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postgraduate thesis: An observation scale for screening preschool children with mild autismspectrum disorders

TitleAn observation scale for screening preschool children with mild autismspectrum disorders
Authors
Issue Date2012
PublisherThe University of Hong Kong (Pokfulam, Hong Kong)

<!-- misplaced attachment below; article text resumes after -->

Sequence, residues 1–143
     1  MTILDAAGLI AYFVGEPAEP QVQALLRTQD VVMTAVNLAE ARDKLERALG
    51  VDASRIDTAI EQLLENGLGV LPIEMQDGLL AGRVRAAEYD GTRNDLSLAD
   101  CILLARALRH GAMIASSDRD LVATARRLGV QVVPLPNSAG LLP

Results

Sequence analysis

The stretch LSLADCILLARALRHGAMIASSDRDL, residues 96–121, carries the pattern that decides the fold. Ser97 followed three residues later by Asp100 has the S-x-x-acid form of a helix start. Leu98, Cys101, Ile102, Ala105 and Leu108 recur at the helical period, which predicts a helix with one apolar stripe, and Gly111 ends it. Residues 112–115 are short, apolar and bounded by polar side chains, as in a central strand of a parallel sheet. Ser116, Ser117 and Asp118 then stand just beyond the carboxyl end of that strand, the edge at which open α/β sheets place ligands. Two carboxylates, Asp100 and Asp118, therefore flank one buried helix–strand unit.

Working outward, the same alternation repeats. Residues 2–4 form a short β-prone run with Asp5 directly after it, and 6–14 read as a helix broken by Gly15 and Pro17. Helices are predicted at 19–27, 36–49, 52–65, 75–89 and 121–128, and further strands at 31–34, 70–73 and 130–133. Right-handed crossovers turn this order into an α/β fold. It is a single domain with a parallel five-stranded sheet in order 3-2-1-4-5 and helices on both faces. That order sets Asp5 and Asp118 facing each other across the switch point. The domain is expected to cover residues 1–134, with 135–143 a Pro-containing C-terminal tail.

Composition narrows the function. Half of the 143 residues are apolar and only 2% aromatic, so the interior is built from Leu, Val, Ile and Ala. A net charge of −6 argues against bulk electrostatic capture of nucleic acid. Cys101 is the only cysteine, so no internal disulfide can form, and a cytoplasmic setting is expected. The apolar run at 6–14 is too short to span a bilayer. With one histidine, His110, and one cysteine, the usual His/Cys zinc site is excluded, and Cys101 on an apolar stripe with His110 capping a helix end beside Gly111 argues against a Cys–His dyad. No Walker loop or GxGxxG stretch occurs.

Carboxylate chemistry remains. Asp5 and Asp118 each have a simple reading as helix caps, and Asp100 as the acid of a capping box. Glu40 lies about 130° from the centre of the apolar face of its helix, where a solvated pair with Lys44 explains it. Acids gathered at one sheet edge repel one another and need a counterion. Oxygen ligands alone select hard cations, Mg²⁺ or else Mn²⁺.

Citation
Au, H. A. [區浩慈]. (2012). An observation scale for screening preschool children with mild autism spectrum disorders. (Thesis). University of Hong Kong, Pokfulam, Hong Kong SAR. Retrieved from http://dx.doi.org/10.5353/th_b4869038